It's been a roller-coaster ride since my Special Situations portfolio first bought Tile Shop Holdings (NASDAQ: TTS ) in late 2012 following its entry into the public markets via a special purpose acquisition company.
When it first came to market, Tile Shop was an orphan stock -- the special situation -- and now, its growth prospects are just too hard to ignore. With the stock down following the attack of several short-sellers and some legitimate concerns about the structure and ethics of the company's China segment, I'm adding to my position. I expect to hold Tile Shop for years. It will look expensive, but this is the type of consumer company that has great prospects.
Following allegations that the company was in business with a Chinese company owned by the CEO's brother-in-law and had not publicly disclosed the relationship, Tile Shop undertook an investigation and auditing through outside third parties. The investigation found that, while this related-party relationship did exist, there was no evidence that financial results have been misstated. Tile Shop terminated its relationship with the Chinese company in December, and the brother-in-law's employment was terminated in January.
The policies and structure that the company is putting in place to limit malfeasance in the future are as important. To this end, the company is establishing a new export trading company operated by its own employees in order to control all vendor invoices, relationships, and payments, in addition to rearranging other oversight responsibilities.
I spoke with an ethics and compliance professional about Tile Shop's investigation and changes, and she was cautiously optimistic about the company's solutions. She thought the press release hit the right points of weakness in the organizational structure, but believed that many of the company's prescriptions were too vague for an outsider to fully determine how successfully they would be implemented. In other words, rather than give very specific changes to oversight responsibilities, the company more often provides the effects of those changes. As this professional cautioned, however, this lack of specificity could be simply a result of the company explaining what investors want to know most -- that the problems are being addressed. These types of governance issues bear watching for the future.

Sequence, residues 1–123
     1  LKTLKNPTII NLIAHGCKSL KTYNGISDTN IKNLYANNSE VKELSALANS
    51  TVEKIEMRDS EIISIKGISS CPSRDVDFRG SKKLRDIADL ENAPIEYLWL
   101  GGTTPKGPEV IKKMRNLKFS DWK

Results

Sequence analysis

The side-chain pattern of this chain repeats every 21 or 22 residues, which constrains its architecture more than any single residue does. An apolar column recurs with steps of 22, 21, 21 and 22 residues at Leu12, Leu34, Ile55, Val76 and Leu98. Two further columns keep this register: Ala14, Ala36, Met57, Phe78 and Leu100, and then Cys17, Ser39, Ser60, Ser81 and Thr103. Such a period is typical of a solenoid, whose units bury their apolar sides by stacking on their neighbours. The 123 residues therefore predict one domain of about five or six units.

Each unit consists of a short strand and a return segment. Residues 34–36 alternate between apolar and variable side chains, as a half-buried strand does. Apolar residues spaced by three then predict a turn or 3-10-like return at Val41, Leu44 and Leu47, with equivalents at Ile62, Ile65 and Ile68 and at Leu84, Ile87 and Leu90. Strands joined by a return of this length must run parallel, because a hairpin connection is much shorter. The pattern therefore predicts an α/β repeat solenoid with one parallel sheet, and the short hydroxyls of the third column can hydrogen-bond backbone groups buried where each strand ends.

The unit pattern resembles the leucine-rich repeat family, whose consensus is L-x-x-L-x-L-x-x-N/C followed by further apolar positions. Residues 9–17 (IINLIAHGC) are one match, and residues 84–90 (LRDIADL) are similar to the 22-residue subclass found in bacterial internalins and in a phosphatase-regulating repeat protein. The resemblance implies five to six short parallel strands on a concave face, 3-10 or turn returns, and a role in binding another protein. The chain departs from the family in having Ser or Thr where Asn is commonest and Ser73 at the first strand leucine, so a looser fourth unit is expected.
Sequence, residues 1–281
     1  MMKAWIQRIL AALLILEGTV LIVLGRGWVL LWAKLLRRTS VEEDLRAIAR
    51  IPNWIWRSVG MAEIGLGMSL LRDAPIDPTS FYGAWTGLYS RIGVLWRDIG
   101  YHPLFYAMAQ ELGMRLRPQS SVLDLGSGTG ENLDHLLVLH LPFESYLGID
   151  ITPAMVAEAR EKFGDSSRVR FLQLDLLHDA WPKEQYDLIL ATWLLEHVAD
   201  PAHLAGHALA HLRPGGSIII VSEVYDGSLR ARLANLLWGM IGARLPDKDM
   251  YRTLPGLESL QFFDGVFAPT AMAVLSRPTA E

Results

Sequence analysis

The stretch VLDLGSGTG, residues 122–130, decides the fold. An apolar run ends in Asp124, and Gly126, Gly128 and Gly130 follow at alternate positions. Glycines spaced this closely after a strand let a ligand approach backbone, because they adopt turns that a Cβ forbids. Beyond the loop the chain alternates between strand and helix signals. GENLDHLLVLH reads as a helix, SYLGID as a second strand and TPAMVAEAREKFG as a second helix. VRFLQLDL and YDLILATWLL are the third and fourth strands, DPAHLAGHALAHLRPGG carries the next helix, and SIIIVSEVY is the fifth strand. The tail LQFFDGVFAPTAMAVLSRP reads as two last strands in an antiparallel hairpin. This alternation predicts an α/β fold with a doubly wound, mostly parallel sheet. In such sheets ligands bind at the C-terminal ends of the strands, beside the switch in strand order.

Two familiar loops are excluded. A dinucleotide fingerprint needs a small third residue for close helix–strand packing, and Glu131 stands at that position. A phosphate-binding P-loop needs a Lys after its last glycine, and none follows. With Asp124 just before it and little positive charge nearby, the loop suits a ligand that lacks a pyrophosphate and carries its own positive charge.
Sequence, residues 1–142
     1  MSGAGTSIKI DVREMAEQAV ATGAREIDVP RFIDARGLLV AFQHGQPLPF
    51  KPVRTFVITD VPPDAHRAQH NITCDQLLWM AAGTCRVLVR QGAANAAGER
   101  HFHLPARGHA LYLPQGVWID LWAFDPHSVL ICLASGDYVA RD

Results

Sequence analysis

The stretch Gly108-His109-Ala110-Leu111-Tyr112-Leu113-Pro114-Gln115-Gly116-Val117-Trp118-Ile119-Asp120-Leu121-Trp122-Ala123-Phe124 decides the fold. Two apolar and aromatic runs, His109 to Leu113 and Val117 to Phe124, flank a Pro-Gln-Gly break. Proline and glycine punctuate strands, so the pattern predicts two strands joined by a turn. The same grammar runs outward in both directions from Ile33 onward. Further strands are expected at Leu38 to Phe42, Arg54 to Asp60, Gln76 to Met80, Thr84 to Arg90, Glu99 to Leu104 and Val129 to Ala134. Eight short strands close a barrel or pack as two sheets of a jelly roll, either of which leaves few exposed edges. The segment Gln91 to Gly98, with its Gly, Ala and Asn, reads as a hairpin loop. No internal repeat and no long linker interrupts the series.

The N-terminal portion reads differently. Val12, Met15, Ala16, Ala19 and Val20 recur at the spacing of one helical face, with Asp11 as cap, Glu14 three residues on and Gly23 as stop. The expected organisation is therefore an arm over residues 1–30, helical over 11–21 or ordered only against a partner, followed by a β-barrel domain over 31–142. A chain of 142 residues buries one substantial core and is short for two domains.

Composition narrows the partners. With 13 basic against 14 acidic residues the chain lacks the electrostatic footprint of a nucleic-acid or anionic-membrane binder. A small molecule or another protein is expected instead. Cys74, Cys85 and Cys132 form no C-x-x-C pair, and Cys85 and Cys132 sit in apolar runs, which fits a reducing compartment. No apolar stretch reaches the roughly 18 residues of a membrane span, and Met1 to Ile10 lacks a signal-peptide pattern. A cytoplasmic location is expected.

The year ahead
The year 2014 looks to be promising for Tile Shop. It continues on its huge growth trajectory, projecting 20 new stores on its base of just 90 stores currently -- unit growth of 22%. There's a long runway for growth here, as the company expands across the U.S.
For 2014, management expects same-store sales of 5% to 7%, below last year's blistering 12.4% comps. Even at this projected lower level, that is still very healthy, and we're looking at housing turning into a tailwind rather than a headwind, as the economy normalizes and grows.
Foolish bottom line
As I stated in my last buy recommendation in November, literally days before the short-sellers' reports, "At $15 or $16, I would add significantly to this position, despite the fact that it would be my fourth purchase of the stock." Well, the stock is around that price now, and the air is clearer.
In the next few days, my Special Situations portfolio will buy $2,000 of Tile Shop stock. The outlook for the company looks as strong as ever, and this could be an excellent multiyear buy-and-hold stock as it builds out its North American operations.
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